More top medics to quit HSE as pension date looms
A significant number of high-earning hospital consultants are expected to leave the health service in the coming months to avail of lump sums of up to €400,000, beating the February deadline for generous retirement benefits.
The doctors are among thousands of health service workers who have inquired with their unions about the possibility of retiring to protect their 'golden years' income.
Although the Health Service Executive (HSE) said yesterday it was "impossible to predict" how many of its 105,253 staff would leave, it is already known that more than 1,300 nurses have sought information from their union about their entitlements. The Irish Nurses and Midwives Organisation is holding a series of workshops this month and in October to outline what kind of sums are involved.
The potential exodus could lead to gaps in services if a large contingent of staff in a particular department decide to leave.
Such an exodus will leave managers, struggling with the recruitment moratorium, with a glut of vacancies.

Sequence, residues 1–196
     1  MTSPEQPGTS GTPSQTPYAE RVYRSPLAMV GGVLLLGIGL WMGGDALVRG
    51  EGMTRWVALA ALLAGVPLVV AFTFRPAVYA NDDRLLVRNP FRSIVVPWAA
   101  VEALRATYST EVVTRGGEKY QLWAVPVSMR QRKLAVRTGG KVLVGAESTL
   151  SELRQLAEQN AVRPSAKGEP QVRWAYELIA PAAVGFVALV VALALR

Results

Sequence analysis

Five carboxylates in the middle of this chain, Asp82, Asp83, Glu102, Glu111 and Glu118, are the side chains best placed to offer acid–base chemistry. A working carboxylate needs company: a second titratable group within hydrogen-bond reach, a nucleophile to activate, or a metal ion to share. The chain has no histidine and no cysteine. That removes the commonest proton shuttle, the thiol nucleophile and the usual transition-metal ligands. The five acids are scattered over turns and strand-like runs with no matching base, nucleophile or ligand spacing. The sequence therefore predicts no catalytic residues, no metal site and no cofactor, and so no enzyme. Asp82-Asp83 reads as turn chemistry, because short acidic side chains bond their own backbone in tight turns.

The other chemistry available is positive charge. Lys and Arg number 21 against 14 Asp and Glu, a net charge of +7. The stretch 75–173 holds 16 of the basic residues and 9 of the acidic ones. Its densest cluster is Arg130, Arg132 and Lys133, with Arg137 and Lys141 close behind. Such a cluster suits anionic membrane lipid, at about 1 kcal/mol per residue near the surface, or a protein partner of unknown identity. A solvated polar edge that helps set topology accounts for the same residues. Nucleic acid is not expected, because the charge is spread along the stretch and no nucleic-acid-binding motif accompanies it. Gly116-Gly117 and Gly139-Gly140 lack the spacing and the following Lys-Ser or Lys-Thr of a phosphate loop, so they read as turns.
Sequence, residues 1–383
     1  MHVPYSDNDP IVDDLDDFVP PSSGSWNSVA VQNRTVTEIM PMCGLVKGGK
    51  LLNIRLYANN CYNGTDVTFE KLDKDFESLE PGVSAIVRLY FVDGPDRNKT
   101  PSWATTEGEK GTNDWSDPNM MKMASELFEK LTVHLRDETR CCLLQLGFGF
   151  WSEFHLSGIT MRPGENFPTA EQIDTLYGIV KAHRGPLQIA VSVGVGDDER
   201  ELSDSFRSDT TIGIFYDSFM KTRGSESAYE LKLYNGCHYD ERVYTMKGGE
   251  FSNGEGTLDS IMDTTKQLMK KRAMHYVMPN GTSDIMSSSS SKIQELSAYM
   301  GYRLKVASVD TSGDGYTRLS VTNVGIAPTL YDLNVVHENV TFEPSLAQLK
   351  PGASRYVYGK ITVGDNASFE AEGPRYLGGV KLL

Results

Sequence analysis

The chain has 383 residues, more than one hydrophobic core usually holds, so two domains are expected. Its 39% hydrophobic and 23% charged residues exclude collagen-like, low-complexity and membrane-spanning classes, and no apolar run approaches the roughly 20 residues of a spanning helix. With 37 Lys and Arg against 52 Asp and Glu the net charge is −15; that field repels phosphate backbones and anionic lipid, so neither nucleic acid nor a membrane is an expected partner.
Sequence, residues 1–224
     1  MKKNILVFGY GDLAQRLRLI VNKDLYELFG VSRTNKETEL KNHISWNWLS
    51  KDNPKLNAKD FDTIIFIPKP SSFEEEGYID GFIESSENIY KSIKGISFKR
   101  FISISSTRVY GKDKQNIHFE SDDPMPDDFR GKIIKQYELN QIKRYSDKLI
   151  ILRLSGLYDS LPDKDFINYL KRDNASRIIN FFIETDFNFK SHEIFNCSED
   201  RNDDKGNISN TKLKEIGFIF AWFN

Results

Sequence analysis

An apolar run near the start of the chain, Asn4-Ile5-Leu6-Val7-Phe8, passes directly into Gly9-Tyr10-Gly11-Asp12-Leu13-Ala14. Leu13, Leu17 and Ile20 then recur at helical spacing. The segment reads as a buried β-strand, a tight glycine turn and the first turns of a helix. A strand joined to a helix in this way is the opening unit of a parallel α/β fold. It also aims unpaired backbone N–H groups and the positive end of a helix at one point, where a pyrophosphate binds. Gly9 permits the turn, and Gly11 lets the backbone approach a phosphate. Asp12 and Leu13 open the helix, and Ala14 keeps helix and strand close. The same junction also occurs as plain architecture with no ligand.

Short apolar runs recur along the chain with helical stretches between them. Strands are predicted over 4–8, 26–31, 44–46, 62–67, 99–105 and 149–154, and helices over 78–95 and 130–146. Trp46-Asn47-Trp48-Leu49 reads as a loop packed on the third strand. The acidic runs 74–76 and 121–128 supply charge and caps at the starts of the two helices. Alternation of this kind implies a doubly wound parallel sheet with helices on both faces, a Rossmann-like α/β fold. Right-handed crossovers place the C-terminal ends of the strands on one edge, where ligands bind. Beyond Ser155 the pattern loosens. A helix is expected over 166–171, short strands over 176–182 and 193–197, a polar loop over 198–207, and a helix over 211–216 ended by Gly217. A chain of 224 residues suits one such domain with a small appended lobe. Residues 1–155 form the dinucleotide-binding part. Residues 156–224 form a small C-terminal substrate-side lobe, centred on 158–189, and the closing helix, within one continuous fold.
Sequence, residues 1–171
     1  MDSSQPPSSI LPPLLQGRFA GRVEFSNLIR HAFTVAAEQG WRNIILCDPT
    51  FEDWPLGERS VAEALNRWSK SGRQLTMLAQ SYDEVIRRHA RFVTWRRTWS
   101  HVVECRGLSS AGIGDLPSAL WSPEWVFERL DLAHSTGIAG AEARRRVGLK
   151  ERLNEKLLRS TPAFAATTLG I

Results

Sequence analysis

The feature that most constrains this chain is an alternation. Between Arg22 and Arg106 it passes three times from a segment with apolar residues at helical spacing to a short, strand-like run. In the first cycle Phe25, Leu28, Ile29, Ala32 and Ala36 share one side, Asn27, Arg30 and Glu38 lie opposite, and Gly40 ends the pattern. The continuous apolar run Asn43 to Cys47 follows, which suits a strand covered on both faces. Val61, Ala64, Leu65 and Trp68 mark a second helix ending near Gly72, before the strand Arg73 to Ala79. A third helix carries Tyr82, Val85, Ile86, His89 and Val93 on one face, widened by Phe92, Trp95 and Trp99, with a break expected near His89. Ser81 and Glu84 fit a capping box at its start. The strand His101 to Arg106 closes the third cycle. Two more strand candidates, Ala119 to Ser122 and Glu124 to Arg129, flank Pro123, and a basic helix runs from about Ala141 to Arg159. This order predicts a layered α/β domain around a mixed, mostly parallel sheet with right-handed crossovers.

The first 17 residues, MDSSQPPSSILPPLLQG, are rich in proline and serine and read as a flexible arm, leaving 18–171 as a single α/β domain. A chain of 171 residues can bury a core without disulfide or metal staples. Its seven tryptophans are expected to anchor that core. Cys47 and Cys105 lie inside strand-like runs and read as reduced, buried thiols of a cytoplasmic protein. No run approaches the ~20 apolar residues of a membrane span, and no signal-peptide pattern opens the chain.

Three times the planned number of hospital consultants retired last year after the changes to pensions were announced in the Budget.
Figures reveal that 107 of the specialists availed of retirement packages, three of whom got lump sums of over €400,000, while 25 another consultants received €330,000.
Consultants, some of whom earn over €230,000, can retire at 60. They are entitled to a payment and lump sum with ongoing pension payments of around €79,000 for those with long service.
Asked what impact retirement will have on services, the HSE told the Irish Independent that "it is important that contingency plans are put in place in advance, which is why the HSE introduced the three-month notice period policy earlier this summer.
"In this regard, in the interest of protecting services, it is critical that management have early knowledge of the numbers of staff retiring, and the business areas that will be potentially be affected by departures."
A spokeswoman said that from July 11 all staff were required to give three months' notice of their date of retirement if it is their intention to retire on or before February 2012.
She was not able to say what the savings on its wages bill will be until the "numbers are known".
It is also unclear what the pension bill will be.
The spokeswoman added: "The decision to retire by February merely accelerates the payment of retirement lump sums as they would be payable anyway at some future date.
"The payment of ongoing pensions is also accelerated for the remaining life of employees who retire. Where an employee retires prior to reaching minimum retirement age, a cost neutral actuarial reduction percentage is applied both to the retirement lump sum and the annual pension."